Copenhagen Infrastructure Partners (CIP) has fully acquired a company with rights to bid on an offshore wind project in the waters off the coast of Massachusetts.
With the acquisition of Offshore MW, the Danish fund manager has positioned itself to participate in a tender auction planned for mid-2017 for a contract to build the state's first offshore wind project.
The move comes in the same month Massachusetts Governor Charlie Baker signed legislation requiring utilities to generate 1.6GW of electricity from offshore wind farms within a decade, and a couple weeks after construction finished on the US's first offshore wind project, the 30MW Block Island project near Rhode Island.
Christina Sorensen, a senior partner at CIP, told Infrastructure Investor it's “quite interesting” the US market seems to be warming up to offshore wind, a sector Europe has developed for years. The continent has around 11GW cumulative capacity, according to the European Wind Energy Association. However, regulatory and cost barriers have so far prevented large-scale development in the US.
Sorensen said CIP will likely bid to develop a project that generates 300MW to 500MW.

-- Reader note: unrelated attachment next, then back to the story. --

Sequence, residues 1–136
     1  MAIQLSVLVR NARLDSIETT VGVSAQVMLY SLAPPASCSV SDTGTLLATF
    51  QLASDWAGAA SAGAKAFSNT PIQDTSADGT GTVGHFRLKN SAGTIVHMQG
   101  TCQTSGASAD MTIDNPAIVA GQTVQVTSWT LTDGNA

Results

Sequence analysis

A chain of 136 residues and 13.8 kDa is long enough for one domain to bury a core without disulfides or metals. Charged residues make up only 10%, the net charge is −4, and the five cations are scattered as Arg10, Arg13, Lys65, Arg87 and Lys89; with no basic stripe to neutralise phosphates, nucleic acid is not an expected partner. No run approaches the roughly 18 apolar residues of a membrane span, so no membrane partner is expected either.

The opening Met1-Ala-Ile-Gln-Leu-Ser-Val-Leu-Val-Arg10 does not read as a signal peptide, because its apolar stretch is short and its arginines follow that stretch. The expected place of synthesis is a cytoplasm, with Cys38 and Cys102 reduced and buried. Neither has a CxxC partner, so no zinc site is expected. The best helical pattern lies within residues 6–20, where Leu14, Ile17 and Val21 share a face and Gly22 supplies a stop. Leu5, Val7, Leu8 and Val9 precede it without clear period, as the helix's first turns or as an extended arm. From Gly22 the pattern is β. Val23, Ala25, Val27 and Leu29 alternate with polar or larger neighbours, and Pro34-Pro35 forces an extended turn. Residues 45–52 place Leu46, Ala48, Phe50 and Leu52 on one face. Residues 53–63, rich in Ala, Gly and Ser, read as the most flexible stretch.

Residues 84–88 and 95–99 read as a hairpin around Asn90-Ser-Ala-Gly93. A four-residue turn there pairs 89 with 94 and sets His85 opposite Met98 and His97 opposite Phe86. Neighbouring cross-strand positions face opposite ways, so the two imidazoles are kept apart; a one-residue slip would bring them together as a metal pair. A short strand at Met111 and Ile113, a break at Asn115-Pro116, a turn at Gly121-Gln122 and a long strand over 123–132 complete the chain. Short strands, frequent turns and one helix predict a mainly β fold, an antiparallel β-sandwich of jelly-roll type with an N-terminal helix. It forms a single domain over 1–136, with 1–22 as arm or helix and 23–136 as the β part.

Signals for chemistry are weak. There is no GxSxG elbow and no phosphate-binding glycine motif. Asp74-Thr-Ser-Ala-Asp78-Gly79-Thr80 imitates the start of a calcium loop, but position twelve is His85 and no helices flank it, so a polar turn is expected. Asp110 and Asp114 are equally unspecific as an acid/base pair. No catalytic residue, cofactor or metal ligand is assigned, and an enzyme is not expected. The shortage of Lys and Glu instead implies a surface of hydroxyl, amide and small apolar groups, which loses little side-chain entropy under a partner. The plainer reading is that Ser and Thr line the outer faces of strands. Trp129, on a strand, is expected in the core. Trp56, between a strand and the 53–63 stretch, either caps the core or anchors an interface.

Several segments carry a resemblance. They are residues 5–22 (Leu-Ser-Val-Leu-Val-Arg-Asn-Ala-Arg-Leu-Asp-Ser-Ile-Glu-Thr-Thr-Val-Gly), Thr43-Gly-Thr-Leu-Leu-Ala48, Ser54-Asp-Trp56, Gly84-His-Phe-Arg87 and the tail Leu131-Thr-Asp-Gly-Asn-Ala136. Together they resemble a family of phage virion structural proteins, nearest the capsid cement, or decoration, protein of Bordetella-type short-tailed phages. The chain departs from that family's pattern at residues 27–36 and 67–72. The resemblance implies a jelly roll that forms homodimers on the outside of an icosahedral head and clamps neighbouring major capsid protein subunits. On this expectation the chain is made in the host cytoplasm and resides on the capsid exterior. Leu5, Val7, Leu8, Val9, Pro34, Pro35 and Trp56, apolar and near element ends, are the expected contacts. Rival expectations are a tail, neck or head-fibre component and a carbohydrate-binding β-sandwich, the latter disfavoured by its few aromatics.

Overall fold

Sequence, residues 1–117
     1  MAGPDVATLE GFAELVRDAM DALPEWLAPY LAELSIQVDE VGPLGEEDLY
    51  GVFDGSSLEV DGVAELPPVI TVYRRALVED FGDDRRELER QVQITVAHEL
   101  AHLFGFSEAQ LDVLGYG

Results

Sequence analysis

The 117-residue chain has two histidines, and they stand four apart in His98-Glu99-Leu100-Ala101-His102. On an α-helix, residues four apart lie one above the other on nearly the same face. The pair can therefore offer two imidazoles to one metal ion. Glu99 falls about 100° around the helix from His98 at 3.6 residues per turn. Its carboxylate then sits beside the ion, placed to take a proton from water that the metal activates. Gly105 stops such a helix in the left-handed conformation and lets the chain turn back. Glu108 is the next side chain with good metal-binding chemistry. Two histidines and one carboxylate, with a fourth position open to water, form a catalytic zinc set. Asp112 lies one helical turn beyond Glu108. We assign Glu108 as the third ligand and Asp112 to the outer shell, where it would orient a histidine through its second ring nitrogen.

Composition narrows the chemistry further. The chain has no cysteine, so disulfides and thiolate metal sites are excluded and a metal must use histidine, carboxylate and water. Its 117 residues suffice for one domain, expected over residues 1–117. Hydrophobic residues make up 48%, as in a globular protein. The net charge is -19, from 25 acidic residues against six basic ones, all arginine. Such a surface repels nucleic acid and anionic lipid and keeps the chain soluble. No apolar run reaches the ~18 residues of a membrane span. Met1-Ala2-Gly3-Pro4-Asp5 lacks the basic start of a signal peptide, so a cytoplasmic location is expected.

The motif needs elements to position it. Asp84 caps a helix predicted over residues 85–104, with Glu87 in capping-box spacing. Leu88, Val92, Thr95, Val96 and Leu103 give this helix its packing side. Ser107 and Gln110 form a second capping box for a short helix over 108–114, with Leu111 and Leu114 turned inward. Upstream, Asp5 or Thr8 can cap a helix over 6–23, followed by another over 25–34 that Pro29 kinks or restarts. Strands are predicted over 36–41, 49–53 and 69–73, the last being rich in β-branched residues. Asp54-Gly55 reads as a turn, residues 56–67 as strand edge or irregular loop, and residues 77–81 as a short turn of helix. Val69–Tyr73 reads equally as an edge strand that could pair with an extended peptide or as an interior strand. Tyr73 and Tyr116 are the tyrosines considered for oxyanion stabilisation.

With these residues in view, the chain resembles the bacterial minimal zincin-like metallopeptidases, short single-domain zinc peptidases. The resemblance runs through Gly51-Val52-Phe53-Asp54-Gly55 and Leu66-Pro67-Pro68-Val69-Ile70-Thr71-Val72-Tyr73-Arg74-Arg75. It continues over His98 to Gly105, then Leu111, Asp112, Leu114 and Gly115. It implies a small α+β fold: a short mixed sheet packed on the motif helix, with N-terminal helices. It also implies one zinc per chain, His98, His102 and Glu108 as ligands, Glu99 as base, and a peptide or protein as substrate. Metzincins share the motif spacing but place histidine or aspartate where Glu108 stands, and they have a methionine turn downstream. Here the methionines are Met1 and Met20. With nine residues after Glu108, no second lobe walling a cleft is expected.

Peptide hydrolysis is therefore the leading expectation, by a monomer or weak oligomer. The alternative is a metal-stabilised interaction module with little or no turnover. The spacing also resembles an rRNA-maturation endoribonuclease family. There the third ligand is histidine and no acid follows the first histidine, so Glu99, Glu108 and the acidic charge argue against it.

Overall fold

CIP purchased Offshore MW for an undisclosed amount through its €2 billion Copenhagen Infrastructure II fund. It also provided a €250 million loan last June through this fund to help construct the 204MW Veja Mate project off the coast of Germany. CIP invested in its only other offshore wind project, the 588MW Beatrice offshore wind farm off the coast of Scotland, through the Copenhagen Infrastructure II and I fund.
DONG Energy, a Danish energy developer, and Deepwater Wind, the Block Island project developer, also have companies qualified to bid for a project off the coast of Massachusetts.
Last week, the US Bureau of Ocean Energy Management (BOEM) issued a request for interest in a 68,000 acre lease area off the coast of California. One developer, Trident Winds, has already proposed a 765MW floating wind project in the area. If no other developer expresses interest, BOEM can issue a lease without holding an auction.